CORRECTION: The original version of this column gave the incorrect campaign that Stacie Paxton worked on in 2004. She worked on John Kerry's campaign.
After a difficult summer of political and legislative setbacks that has the White House and congressional Democrats on their heels, the party would be wise to remember Rahm Emanuel’s axiom: “You never want a serious crisis to go to waste.”
Make no mistake, Democrats’ political fortunes right now are in a state of crisis, and it’s a good time to remember the former White House chief of staff’s advice. The party has just lost a special election in heavily Democratic New York City, in a manner that suggests one of their key voting blocs, Jewish voters, may be ready to bolt to the GOP. The Democratic National Committee was outraised in August by its Republican counterpart, even with the help of mega-bashes thrown to honor Obama’s 50th birthday. And the president's approval ratings are sinking to new lows, both nationally and in key states like California, Pennsylvania, and Virginia.
By themselves, none of those data points suggest a party in peril. With the election 14 months away, Obama's approval rating has time to rebound. A few million dollars in an election that will cost billions are insignificant. And special elections are odd beasts that serve as unreliable indicators of the national mood. But put them together and the outlook gets downright scary.
How can the White House turn things around? Democratic strategists from across the country offer a range of suggestions: Pick a fight. Drive a coherent, consistent message. Bring in a new team. And even play more golf. Here are eight, sometimes contradictory suggestions the White House might want to consider as it tries to rebuild a damaged brand:
Pick a fight. Obama’s first two and a half years in office have shown his instinct for pragmatism. He has offered compromises and negotiations on every major item on his agenda. But he rarely finds a willing negotiating partner, to hear Democrats’ spin. (Republicans would say Obama expects them to acquiesce to his opening position rather than truly hammering out a deal.)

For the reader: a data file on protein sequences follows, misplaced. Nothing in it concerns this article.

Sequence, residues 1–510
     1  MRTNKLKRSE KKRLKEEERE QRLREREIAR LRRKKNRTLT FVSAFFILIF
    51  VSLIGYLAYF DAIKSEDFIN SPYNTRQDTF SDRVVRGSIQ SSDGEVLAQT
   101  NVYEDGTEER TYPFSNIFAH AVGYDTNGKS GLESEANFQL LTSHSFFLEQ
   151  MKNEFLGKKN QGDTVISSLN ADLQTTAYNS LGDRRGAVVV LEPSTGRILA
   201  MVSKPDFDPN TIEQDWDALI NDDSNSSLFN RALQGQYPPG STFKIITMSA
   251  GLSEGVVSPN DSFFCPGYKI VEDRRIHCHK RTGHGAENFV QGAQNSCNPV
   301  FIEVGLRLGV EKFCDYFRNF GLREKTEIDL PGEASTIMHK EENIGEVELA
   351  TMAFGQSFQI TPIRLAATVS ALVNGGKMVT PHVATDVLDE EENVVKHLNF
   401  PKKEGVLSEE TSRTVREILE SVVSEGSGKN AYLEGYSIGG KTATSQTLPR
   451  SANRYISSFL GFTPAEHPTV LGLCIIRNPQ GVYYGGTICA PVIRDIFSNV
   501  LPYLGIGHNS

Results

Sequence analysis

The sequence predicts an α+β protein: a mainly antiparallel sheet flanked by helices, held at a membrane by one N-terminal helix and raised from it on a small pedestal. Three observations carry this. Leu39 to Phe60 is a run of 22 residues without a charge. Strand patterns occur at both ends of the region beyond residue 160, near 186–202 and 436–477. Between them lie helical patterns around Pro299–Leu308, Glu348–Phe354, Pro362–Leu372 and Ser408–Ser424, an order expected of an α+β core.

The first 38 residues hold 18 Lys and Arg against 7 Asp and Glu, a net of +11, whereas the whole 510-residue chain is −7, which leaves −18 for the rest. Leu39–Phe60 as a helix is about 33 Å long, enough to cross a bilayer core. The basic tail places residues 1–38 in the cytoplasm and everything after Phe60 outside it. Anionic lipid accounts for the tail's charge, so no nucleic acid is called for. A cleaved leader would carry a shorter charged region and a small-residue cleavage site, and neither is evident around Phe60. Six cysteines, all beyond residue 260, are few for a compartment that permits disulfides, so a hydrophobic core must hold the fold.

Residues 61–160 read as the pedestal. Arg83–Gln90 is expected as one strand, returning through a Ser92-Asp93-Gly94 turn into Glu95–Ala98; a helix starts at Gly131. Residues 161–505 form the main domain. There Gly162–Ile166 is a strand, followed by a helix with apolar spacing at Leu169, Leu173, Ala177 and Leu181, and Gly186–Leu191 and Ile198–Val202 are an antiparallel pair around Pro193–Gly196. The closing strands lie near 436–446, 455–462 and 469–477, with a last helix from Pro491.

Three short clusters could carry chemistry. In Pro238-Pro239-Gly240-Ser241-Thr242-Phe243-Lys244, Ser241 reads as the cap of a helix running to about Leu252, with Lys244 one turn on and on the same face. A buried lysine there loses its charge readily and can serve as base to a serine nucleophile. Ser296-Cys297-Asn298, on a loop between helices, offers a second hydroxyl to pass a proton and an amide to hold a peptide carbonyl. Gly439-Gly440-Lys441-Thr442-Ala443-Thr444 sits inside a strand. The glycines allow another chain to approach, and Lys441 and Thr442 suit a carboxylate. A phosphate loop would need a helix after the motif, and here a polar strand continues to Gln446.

Some Democrats believe Obama must eschew his instinct to sit down with Republican House Speaker John Boehner and instead take a clear stand in opposition to the GOP agenda. “Pick one fight with Republicans and don’t back down,” said Nathan Daschle, the former executive director of the Democratic Governors Association. “It’s not just for your base, it’s for all voters who want a president who believes in principle. It’s a balancing act. There is a time for compromise and there is a time to fight. Show us you know the difference."
The jobs bill is a good start, some Democrats say. In introducing the bill last week, Obama displayed an aggressive tone with Congress that he hasn’t in the past, something Democrats say affords him an opportunity to draw a contrast with Republicans. The United Technologies/National Journal Congressional Connection Poll released this week shows overwhelming majorities favor elements of Obama’s jobs plan, while a slim plurality favor his overall approach over the Republican approach.
“The substance of the president’s plan is more popular than the [Republican] alternative, and what people want now is for their leaders to focus relentlessly on the economic challenge confronting the nation,” said Tad Devine, a Democratic media consultant. “He should stay on the road and keep the same appropriately aggressive tone he displayed in his address to Congress.”
Make a deal. Running against a do-nothing Congress can only get Obama so far. At some point, Obama has to show he has actually taken positive steps toward fixing the economy, whether or not the results are there. Arguing that he’s being hamstrung by an obstructionist Congress could just demonstrate to voters that the incumbent is ineffectual. The best defense, some Democrats contend, is to pass a bill -- any bill -- that Obama can point to on the campaign trail.
“The president needs to pass his jobs package demonstrating to America that he can get something done. This starts by coming up with a real pay-for that is not a repackaging of tax increases that the House already rejected,” said one senior Democratic strategist, who asked that his name be withheld. “Congress may be an obstacle, but running against a do-nothing Congress will not be enough. Americans are hurting and they want results.”
When reelecting a president, a voter’s decision is usually a two-step process: Does the incumbent deserve reelection, and if not, is there a viable alternative? Democrats hope to make the case that the eventual Republican nominee is not a viable alternative. But getting a result on the jobs plan would give Obama’s campaign a chance to answer the first question -- that he deserves reelection -- in a positive way.